Meetings

January 10, 2020:

“Computer Modeling and Weather Forecasting?  Yes!!”

by

Dr. Steve Caparotta

WAFB

Abstract

Public perception often falls shy of reality when it comes to weather forecast accuracy. Numerous studies have found steady improvement over the last several decades using a number of metrics, with the rate of improvement accelerating in recent years.  Hurricane forecast tracks are now more accurate at 72 hours than they were at 24 hours in 1980. Five-day weather forecasts are now as accurate as a one-day forecast was 40 years ago. Accurate forecasts are driven by improvements in computer modeling, a field known as numerical weather prediction (NWP). Friday's presentation will delve into some of these improvements in NWP, including a look at the increased accuracy of hurricane forecasts and the increased warning time for tornado-producing storms. The presentation will also include a couple of recent case studies in Louisiana focusing on Hurricane Barry and Post-Tropical Storm Olga, where forecasts fell shy of expected accuracy, leading to fewer-than-expected impacts with Barry, but greater-than-expected impacts for Olga.

Biography

Meteorologist Steve Caparotta was born and raised in the New Orleans area.  His fascination with weather began at an early age, tracking tropical storms and hurricanes on paper tracking maps.

Steve graduated from Brother Martin High School in New Orleans and then went on to earn a B.S. in Meteorology from the University of South Alabama. While in college, he spent his summers interning at WVUE-TV in New Orleans, where mentors Bob Breck and Ken Aucoin encouraged him to pursue a career in television.   He landed his first job in TV at KPLC in Lake Charles. From there, he spent a couple of years at WIS-TV in Columbia, SC before moving to Baton Rouge to take a job with WAFB in 2003.

Since joining WAFB, Steve has covered numerous big weather events from hurricanes to floods to tornadoes and ice storms. His "NOPD Looting" story from the aftermath of Katrina earned him an AP award. He also went through the eyewalls of Hurricane Ivan (2004) near Gulf Shores, AL, and Hurricane Rita (2005), in Lake Charles, while covering the storms for the station. He was awarded the Best Weathercast in Louisiana in 2009 by the Associated Press and has been a finalist for that same award several other times. He's also a 4-time Suncoast Emmy nominee.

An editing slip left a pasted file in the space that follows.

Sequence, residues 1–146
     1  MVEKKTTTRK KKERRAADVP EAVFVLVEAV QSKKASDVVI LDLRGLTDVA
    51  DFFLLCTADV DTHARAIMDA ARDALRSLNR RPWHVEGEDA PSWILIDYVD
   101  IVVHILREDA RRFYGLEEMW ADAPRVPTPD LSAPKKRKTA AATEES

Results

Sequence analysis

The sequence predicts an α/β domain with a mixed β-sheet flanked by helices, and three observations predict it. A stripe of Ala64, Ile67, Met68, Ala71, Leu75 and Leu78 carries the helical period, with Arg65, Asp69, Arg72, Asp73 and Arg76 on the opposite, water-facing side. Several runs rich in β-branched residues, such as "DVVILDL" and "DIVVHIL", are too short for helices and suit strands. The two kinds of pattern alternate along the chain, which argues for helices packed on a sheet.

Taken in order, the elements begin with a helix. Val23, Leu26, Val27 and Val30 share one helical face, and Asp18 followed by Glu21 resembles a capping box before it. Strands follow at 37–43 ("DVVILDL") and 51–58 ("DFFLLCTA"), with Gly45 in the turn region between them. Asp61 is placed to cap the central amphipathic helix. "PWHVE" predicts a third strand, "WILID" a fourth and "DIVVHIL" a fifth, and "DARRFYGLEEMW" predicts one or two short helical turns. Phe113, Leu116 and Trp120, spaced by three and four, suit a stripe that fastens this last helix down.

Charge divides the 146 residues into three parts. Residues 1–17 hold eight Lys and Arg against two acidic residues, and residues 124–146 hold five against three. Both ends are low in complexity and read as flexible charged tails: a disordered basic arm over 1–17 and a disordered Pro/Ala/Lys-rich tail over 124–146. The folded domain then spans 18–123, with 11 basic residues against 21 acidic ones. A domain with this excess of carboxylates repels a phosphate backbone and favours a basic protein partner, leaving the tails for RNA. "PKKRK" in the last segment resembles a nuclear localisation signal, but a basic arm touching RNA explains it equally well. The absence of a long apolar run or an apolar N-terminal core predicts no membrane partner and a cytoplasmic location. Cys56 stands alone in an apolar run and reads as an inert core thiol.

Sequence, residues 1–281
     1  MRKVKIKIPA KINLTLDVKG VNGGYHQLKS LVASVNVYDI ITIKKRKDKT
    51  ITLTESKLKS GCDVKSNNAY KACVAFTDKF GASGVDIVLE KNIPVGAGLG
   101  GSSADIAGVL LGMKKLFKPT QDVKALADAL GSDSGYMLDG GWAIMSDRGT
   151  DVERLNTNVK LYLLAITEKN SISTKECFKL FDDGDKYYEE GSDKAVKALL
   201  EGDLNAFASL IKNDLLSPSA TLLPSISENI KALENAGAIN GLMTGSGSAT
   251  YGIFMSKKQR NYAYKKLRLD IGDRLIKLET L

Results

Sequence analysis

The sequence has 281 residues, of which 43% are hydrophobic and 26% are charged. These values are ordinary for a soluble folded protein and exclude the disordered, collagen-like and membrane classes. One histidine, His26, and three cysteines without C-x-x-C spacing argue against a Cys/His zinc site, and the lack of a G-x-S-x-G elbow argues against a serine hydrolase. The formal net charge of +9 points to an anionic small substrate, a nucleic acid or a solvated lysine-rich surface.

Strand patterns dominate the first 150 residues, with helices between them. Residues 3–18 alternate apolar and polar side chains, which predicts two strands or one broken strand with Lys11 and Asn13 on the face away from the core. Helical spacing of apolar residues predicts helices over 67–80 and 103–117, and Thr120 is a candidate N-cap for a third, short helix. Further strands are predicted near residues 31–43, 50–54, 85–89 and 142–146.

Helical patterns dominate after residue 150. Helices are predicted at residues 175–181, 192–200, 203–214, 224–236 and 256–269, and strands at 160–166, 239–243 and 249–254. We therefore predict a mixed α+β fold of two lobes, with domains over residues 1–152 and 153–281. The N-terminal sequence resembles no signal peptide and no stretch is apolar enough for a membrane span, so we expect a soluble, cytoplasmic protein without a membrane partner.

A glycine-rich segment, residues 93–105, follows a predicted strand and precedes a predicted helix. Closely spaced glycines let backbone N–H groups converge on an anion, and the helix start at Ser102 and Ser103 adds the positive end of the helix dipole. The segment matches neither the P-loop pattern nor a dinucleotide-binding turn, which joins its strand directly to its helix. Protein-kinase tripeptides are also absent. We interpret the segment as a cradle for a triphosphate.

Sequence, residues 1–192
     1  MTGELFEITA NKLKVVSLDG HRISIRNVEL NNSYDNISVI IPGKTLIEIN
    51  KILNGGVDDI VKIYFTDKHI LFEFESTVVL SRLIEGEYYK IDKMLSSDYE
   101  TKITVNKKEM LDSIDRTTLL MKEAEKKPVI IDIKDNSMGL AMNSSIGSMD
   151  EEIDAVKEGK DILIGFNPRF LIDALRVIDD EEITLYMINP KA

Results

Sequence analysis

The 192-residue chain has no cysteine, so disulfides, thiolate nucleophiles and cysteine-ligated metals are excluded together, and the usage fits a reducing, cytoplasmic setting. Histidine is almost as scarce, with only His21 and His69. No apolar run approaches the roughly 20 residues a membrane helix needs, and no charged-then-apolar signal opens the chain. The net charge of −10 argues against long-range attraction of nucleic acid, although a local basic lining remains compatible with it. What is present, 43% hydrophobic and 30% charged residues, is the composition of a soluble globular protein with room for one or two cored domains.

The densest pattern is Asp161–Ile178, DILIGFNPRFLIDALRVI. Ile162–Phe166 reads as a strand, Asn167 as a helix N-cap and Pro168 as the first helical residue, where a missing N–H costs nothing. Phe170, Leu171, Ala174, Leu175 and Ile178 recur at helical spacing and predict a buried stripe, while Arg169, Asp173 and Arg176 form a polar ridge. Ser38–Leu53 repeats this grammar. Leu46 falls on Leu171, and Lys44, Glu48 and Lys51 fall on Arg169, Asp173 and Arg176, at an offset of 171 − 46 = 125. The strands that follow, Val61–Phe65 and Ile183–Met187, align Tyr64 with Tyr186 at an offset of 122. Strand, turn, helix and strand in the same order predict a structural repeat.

The move to Baton Rouge also gave Steve the opportunity to further his education. He earned a Master's in Geography (Climatology) in 2008 from LSU, researching how something known as the Madden-Julian Oscillation (MJO) impacts tropical cyclone frequencies. More recently, he earned a Ph.D. in Geography (Climatology) from LSU in 2018, examining how the MJO interacts with winter low pressure systems, severe weather, and daily precipitation in and around the Gulf of Mexico.

Most of his free time is spent with his wife, Christy, and their 2 daughters, Eliana and Clara. When not enjoying time with his family, you'll likely find Steve parked in front of the TV watching sports.

Steve holds the Certified Broadcast Meteorologist (CBM) seal from the American Meteorological Society.

MEETINGS

OF

THE BATON ROUGE GEOLOGICAL SOCIETY

 

BRGS generally meets the second Friday of the month

Meals begins at 11:30 a.m. Talk begins at 12:00 p.m.

Mike Anderson Seafood Restaurant, located at 1031 West Lee Drive

Cost is $20 for members and $25 non-members, and $5 for students.

 

Mike Anderson’s Seafood

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